It is unfortunate that there wasn’t more new information introduced at the 15th annual practitioners’ conference held in Burlington on January 11, 2012. The most informative portion was at the very beginning when the new Director General of SR&ED, Ms. Susan Betts, discussed the top five SR&ED concerns from claimants and CRA. The top five concerns of claimants were as follows: 1) CRA staff (specifically RTAs) not qualified to determine eligibility of claims 2) The narrowing of eligibility criteria 3) The increased complexity of forms and processes surrounding SR&ED claims 4) The amount of supporting documents required to prove a claim 5) Lack of consistency as to claim eligibility The top five concerns of the CRA were as follows: 1) Personal attacks against CRA staff 2) Incomplete claims 3) Cost to claimants of hiring professional firms on a success fee basis 4) The increasing amount of aggressive and unfounded claims 5) Withdrawal of claims when audit requested by CRA The new Director General then provided some analysis of the two lists. She stated that she had reviewed the qualifications of the CRA staff and was confident that they were capable and qualified to determine the eligibility of claims. Ms. Betts indicated that the 2nd concern of claimants is not actually a narrowing of eligibility criteria but a clarification and definition of what is eligible. She further stated that this clarification is required in order to deal with the claimant concern of inconsistency and the CRA concerns regarding incomplete and aggressive claims. Ms. Betts noted that the SR&ED program was set up to fund claimant research and development and that, in her opinion, the money being paid to practitioners on a success fee basis was not in line with the program’s intention. Looking to the future, Ms. Betts indicated that CRA may look at third party penalties in order to deal with the concerns it has regarding incomplete, aggressive and withdrawn claims. In my opinion, if the CRA were to apply these penalties in appropriate cases it would decrease the compliance time of CRA staff and in theory decrease the time it takes for a legitimate claimant to receive their refunds. It was a surprise to many that there was little mention of the Jenkins report and no mention of the potential changes stemming from it. When we look at the facts, however, this makes sense as it is the Ministry of Finance that will make the changes. CRA will, of course, need to apply and monitor the changes but they are unlikely to know with any certainty what or when these changes will occur. At the end of the conference, the lack of new information was disappointing. However, it was nice to talk to CRA advisors and other practitioners; the majority of whom were confident in the fact that the SR&ED program was going to change. After all, Prime Minister Harper stated early on that he would take the suggestions of the Jenkins report very seriously. The only questions left now is how much the SR&ED program will change and when the changes will begin?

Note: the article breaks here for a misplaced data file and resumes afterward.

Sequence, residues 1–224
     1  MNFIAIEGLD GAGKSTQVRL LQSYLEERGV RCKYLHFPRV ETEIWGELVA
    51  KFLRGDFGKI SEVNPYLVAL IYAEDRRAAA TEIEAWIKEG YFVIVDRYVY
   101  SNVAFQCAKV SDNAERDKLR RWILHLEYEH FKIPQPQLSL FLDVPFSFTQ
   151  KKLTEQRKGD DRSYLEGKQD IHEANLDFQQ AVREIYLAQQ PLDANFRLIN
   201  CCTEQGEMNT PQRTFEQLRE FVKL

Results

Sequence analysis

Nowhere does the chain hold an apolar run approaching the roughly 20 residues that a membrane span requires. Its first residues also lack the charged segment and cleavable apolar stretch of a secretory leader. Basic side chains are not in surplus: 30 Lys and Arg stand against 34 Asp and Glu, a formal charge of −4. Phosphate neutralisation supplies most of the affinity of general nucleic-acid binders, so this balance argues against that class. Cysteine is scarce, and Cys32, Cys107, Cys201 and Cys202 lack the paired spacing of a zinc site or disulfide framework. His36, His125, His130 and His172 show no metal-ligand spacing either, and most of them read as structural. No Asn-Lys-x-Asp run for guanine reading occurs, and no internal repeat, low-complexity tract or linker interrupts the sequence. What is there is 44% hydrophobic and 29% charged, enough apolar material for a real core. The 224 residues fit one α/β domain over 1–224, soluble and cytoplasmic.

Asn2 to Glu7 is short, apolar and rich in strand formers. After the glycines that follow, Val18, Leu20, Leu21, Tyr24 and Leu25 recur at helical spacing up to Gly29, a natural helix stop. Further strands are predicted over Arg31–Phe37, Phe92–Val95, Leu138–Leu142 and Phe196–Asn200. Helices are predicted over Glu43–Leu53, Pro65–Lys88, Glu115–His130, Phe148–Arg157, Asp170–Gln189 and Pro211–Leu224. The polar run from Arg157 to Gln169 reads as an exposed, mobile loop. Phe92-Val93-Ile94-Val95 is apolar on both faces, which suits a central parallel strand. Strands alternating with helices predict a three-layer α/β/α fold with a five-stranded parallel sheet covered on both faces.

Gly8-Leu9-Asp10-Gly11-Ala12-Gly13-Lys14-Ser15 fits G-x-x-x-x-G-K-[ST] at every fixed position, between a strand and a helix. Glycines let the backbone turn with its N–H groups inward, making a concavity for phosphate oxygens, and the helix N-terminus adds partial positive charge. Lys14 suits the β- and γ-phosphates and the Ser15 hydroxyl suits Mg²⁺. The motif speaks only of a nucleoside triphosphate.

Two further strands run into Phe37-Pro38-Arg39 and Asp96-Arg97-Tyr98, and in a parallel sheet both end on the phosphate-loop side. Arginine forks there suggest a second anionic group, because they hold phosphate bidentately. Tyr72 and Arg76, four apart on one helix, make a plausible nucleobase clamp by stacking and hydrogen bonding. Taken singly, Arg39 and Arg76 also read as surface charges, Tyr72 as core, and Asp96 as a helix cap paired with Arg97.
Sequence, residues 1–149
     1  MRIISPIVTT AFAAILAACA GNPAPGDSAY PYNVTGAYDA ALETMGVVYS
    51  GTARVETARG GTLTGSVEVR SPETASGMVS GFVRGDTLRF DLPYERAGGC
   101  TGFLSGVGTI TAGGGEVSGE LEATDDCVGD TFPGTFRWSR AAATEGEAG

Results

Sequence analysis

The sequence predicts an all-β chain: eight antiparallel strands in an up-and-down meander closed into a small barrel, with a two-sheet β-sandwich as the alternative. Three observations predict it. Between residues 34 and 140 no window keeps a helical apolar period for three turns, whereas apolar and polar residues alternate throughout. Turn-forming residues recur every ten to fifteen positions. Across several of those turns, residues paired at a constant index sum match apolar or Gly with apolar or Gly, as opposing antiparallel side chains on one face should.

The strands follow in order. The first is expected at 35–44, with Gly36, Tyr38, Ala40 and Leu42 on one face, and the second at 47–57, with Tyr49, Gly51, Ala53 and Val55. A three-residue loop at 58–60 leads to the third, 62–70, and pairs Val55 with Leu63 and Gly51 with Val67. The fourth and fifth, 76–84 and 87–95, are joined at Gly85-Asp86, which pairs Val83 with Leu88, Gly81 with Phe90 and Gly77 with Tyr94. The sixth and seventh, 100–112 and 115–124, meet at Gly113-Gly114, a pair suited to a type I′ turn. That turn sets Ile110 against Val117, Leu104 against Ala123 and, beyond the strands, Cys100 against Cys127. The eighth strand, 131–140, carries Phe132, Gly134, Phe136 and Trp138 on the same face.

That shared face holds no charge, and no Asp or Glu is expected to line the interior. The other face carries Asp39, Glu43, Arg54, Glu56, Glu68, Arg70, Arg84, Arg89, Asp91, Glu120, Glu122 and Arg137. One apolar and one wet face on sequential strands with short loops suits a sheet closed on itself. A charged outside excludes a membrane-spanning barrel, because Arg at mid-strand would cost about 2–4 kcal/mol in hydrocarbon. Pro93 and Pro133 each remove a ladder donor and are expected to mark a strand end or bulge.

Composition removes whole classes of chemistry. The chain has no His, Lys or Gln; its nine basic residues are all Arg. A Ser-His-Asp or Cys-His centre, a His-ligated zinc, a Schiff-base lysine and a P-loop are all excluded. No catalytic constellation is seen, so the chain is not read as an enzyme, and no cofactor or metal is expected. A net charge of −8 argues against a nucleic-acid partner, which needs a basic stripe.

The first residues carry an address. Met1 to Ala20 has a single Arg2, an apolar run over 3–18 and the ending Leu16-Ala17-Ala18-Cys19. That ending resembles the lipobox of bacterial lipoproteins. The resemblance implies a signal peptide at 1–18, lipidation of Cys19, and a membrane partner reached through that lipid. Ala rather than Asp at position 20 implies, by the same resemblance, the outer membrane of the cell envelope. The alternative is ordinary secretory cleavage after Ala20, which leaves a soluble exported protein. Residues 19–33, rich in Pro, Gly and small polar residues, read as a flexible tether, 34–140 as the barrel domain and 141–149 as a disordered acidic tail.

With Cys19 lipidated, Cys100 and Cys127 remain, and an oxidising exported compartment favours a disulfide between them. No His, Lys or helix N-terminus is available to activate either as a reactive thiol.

Joshua Smith, CA
For more information about SR&ED tax credits, contact Joshua Smith by e-mail at: [email protected] or by phone at: 613.236.9191.